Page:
There is a need for an approach to providing cryocooled sensor systems operated in an elevated-temperature environment, without significantly increasing the weight of the sensor system. The present invention fulfills this need, and further provides related advantages.
The present invention provides a sensor system that is protected against elevated surface temperatures that would otherwise increase its interior temperature beyond its operating limits. The present approach is effective in a wide variety of elevated-temperature circumstances, but it is particularly valuable when the heating is produced in relatively brief transient conditions. The present approach results in negligible increases in both the weight and the size envelope of the sensor system, and no increase in its power consumption.
In accordance with the invention, a sensor system comprises a sensor housing having an exterior wall with a window-support region having an outwardly facing external face, and a window through the window-support region of the exterior wall and affixed to the exterior wall. In one design, the window-support region of the exterior wall comprises a segment of a mounting flange. A sensor unit is contained within the sensor housing and receives an input signal through the window. The sensor unit desirably comprises a sensor, preferably an infrared sensor, and a cryocooler that cools the sensor.
A thermal-insulation layer is on the external face of the window-support region of the exterior wall at a location immediately adjacent to the window but not overlying the window and the opening required for the window. The thermal-insulation layer is preferably a stand-alone piece of an insulating material, or it may be a coating. The thermal-insulation layer may comprise an organic material. A preferred thermal-insulation layer is a stand-alone piece of an insulating material comprising a fiberglass-epoxy composite material. The thermal-insulation layer is preferably at least about 0.020 inch thick, and most preferably at least from about 0.020 inch to about 0.060 inch. The thermal-insulation layer is affixed to the external face of the window-support region by any operable approach, but is preferably affixed with an adhesive layer. In this case, the insulation is made durable and applied to the exterior of the sensor system.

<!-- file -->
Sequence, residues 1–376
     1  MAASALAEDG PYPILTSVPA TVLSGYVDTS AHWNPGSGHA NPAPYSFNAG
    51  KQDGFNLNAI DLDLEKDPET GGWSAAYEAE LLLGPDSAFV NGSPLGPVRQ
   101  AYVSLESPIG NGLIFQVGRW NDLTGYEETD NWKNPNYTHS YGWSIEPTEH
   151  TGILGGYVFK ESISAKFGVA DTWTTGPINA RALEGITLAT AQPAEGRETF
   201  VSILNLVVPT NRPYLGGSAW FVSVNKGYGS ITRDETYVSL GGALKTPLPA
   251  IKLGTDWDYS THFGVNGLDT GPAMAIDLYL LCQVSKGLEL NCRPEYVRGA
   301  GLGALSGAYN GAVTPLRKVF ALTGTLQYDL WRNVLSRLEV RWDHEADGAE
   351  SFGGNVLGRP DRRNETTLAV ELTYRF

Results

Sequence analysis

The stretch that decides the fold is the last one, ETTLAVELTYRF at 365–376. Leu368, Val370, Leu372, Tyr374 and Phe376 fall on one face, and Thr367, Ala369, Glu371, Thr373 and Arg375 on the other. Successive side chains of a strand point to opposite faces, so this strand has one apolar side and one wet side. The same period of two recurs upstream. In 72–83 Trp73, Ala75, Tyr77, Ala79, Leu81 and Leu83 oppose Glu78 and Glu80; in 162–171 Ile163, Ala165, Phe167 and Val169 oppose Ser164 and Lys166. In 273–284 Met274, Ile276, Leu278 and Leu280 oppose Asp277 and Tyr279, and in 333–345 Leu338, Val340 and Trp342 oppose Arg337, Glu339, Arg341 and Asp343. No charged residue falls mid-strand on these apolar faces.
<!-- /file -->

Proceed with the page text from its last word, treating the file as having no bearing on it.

A method for sensing in an elevated-temperature environment comprises the steps of providing a sensor system of the type described herein, and operating the sensor system in an environment wherein the window-support region of the exterior wall is heated to a temperature of greater than about 100° C. in the event that no thermal-insulation layer is present. Operable features discussed elsewhere herein may be used with the method.
One preferred application is to attach the sensor system to an aircraft such that the external face is in a forward-facing orientation (i.e., facing in the direction of flight of the aircraft). The aircraft is then operated such that the external face is heated by aerodynamic heating. For the preferred application, the heating is a transient effect, occurring over a limited duration of time. A high-speed dash, a burst in flight speed that lasts no longer than about 10 minutes, is a typical transient condition. However, this period is sufficiently long to create significant heating of the sensor housing.
For many applications, it is desirable that the sensor housing have a physically small envelope, preferably a sphere having a diameter of no greater than about 4 inches. It is also desirable that the sensor housing and the sensor unit together weigh less than about 5 pounds. With this small size and weight, however, the sensor system has such a low thermal mass that transient temperature increases can overwhelm the steady-state cooling capacity. The present approach allows the sensor system to operate through such transient temperature increases and remain functional.
In the typical prior approach, those elements of the sensor system that are sensitive to heat are surrounded by insulating material and provided with some form of liquid, air, or other cooling. The approach described herein applies primarily to sensor systems for which such traditional active cooling approaches cannot be used. Specifically, in some cases the small size of the sensor system precludes the use of internal insulation. Active cooling such as liquid coolants or air flows cannot be used because of the small size, remote location on the aircraft, and absence of coolant supply lines or air-cooling conduits. The only path to remove heat is through the mounting flange to the aircraft frame. In some cases, the installation constraints force the mounting flange to be located near the front face of the sensor, preventing the use of conventional design approaches.